MA: Even now, if all of a sudden tomorrow, you know, all these things get implemented, UMPD doesn’t have any other complaints forever. The fact that like these last few months and years, decades, centuries have happened like this just like already holds so much like trauma and tension, and creates this sort of distrust based on things that have happened historically. 

KIAN: Amy says students have voiced that accountability remains an issue with UMPD. During the Board of Regents meeting, Dr. Alexander said that UMPD does an “outstanding job, which is not being perceived by a segment of the campus community.” He also shared data that shows a low amount of public complaints against UMPD, with three in 2020, in which he questioned why then there was a negative perception of UMPD among students. Part of his reasoning for the disconnect between the data and public sentiment was that students “cannot differentiate” the difference between UMPD and MPD. While Regent Kenyanya said that could account for some of it, he disagreed with Dr. Alexander’s statement. 

REGENT MIKE KENYANYA [AT BOARD OF REGENTS MEETING]: Students faculty and staff that actually interact with the officers, they can read. They’re literate, you know. I’m gonna give them a little more credit than that, to be able to read a badge, to read the car so if they’re from afar, fine. But clearly, some of these incidents are not the confusion,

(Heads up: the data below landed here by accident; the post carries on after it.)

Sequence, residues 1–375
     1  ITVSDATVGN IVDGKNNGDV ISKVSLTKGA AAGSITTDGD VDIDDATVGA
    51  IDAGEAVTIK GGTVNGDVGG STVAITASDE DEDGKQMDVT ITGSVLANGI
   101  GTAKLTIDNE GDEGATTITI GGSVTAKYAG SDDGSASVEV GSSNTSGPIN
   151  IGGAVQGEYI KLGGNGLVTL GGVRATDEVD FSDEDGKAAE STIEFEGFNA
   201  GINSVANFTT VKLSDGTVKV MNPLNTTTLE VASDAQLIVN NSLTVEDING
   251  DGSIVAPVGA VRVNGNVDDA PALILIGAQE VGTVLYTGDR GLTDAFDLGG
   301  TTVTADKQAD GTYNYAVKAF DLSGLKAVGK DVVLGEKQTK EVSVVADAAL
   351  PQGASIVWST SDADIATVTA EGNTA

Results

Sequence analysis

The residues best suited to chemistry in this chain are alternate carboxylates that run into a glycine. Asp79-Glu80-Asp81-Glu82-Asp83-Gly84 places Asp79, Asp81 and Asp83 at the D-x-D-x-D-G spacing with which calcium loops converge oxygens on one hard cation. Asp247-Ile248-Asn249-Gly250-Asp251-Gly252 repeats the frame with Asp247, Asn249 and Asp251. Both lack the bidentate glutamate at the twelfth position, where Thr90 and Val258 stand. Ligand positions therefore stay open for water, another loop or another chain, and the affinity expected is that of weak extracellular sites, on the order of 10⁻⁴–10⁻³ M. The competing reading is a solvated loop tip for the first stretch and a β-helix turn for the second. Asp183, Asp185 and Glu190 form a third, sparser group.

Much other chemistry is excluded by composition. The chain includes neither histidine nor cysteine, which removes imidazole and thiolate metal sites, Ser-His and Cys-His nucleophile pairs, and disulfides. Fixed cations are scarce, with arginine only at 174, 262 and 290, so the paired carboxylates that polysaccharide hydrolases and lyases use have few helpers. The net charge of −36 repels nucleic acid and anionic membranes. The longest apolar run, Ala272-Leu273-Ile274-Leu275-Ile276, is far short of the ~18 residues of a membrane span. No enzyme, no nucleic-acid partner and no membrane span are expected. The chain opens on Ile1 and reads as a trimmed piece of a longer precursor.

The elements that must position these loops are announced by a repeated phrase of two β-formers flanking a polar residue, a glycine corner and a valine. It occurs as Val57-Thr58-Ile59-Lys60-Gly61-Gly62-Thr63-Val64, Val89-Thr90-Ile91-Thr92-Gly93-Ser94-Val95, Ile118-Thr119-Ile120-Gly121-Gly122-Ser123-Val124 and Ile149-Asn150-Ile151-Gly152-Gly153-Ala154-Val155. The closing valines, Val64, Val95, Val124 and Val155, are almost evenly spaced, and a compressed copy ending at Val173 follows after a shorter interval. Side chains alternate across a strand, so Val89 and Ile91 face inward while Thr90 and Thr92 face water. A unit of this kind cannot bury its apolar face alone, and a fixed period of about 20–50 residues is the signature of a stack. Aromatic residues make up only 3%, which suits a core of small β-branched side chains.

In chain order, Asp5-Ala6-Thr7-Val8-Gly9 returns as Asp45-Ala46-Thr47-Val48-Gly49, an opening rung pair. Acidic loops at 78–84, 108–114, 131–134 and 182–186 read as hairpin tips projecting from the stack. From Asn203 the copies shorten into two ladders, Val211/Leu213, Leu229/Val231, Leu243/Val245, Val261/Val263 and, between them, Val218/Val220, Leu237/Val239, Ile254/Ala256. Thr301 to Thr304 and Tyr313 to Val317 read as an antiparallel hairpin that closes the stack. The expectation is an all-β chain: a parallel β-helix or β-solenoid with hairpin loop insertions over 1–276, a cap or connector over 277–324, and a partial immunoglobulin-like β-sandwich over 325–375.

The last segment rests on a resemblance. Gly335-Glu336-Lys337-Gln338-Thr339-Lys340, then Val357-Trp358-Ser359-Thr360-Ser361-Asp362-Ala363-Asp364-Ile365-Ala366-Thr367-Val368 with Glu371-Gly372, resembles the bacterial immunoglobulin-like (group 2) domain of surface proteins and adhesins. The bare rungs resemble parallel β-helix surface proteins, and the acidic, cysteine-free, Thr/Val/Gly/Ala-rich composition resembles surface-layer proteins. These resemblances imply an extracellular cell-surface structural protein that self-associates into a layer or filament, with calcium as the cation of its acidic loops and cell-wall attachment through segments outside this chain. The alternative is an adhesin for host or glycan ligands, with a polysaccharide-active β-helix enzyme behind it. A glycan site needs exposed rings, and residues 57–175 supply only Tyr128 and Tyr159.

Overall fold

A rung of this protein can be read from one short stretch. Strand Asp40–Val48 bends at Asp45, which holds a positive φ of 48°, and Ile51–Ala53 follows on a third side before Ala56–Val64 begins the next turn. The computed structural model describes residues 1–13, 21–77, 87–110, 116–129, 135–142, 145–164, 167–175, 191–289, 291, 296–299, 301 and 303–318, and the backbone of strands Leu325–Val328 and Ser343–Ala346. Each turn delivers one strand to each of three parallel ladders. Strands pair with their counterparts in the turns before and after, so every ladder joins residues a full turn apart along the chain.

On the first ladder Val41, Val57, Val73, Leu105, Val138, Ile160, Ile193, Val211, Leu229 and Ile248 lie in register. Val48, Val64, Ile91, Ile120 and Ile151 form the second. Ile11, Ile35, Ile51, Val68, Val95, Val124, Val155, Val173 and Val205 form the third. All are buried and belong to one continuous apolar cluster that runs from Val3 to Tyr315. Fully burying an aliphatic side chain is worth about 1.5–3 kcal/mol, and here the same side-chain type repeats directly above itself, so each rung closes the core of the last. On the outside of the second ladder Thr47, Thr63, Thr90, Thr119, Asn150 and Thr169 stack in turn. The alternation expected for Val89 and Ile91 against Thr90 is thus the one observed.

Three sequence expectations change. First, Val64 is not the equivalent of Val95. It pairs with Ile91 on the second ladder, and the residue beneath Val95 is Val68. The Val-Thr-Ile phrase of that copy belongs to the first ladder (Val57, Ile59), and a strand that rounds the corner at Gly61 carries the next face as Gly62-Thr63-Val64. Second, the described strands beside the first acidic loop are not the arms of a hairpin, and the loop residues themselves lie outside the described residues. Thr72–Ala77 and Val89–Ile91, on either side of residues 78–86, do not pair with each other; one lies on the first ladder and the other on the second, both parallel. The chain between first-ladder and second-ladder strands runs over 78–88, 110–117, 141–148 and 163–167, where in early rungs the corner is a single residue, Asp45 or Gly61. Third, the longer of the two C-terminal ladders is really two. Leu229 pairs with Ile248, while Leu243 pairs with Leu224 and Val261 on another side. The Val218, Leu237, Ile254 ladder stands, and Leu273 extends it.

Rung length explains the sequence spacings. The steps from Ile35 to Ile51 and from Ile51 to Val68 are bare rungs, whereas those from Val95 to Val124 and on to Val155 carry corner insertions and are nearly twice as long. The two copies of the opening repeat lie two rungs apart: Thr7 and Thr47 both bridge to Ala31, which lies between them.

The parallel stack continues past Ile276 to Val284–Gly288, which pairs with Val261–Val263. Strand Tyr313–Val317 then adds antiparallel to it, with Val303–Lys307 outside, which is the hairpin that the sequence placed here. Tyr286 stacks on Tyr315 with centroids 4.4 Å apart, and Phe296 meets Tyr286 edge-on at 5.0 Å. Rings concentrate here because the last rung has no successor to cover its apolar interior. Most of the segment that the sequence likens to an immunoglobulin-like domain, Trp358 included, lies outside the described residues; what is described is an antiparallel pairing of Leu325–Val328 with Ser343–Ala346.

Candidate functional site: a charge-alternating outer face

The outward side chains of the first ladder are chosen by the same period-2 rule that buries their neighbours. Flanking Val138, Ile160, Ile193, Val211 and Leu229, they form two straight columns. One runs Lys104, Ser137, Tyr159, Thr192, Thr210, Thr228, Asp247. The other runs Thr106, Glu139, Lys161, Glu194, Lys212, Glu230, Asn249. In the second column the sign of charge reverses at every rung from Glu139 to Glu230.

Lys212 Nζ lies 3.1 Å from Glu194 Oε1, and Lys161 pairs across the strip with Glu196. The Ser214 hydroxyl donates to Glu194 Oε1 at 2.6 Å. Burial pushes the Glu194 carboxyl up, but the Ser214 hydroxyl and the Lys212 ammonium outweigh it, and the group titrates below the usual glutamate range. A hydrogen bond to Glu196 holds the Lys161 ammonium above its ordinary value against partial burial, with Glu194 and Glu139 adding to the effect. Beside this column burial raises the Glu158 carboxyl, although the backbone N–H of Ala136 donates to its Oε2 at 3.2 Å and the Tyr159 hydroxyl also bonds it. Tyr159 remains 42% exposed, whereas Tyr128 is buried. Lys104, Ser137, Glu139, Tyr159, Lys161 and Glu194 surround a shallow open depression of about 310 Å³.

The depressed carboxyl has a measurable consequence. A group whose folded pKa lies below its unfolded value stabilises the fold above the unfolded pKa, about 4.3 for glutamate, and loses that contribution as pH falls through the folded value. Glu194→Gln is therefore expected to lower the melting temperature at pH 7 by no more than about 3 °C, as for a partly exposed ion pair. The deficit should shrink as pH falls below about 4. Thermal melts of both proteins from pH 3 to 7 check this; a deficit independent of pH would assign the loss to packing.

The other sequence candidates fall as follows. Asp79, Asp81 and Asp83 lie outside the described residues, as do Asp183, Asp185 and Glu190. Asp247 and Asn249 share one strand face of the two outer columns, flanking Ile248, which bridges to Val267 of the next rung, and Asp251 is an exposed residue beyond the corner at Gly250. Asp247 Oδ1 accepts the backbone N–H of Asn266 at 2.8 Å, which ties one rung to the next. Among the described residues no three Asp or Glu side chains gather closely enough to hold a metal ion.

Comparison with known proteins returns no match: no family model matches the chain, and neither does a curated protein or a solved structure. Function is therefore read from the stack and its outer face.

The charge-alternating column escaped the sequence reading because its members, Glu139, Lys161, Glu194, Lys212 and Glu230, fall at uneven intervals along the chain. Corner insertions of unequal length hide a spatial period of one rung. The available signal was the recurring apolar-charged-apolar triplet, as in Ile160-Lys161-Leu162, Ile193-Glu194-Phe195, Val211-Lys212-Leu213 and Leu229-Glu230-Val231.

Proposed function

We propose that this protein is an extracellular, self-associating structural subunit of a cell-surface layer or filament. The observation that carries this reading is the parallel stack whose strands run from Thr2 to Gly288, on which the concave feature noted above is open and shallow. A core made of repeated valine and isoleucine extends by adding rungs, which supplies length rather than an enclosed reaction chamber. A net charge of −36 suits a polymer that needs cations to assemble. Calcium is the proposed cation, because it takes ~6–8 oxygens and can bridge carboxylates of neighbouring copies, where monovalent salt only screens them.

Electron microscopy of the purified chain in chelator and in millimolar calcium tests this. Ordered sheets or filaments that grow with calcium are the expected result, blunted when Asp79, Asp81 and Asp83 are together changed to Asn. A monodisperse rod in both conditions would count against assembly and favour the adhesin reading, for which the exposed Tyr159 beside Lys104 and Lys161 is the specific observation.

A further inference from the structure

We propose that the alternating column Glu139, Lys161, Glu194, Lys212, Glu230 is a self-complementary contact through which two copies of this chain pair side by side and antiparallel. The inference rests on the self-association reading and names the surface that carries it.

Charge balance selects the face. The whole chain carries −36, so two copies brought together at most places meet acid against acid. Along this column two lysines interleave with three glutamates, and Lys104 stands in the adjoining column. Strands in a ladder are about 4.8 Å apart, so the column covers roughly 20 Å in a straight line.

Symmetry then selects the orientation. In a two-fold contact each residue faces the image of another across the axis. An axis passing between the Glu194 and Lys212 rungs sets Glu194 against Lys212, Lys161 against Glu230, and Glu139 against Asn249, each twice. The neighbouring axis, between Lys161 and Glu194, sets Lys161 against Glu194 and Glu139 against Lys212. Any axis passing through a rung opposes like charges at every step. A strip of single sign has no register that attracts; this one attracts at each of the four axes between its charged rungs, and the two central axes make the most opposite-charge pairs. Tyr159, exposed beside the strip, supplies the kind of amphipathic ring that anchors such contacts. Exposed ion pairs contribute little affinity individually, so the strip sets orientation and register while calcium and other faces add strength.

People want accountability, right. That’s why the governor just said he’s going to deploy the national guard ahead of the Derek Chauvin trial because we know how people react to a lack of accountability.

KIAN: Amy says accountability remains one of the main issues for students. In his report, Dr. Alexander recommends that the University form a study group to review the current accountability structures and recommend alternatives. 

MA: One of the frustrations that I’ve heard from students as far as like accountability of UMPD goes is that right now, if you do have a complaint from UMPD, the only route that you really have is to bring it forward to UMPD, which is, you know, a conflict of interest, having any organization to hold itself accountable is difficult, that’s why MSA doesn’t hold its own elections and so forth. And so that desire to have more of a community voice and a community resolution when these issues come forward was a big part of this conversation. And it seemed like Dr. Alexander was kind of moving toward that way but didn’t necessarily lay out a structure on what needed to happen, but, clear avenues for complaints, as well as addressing community issues, feels like a really overdue step for UMPD. 

KIAN: During their meeting with Dr. Alexander, MSA brought up the University’s lack of response when Isak Aden was killed by police in Eagan, a Minnesota suburb. Aden was a University student.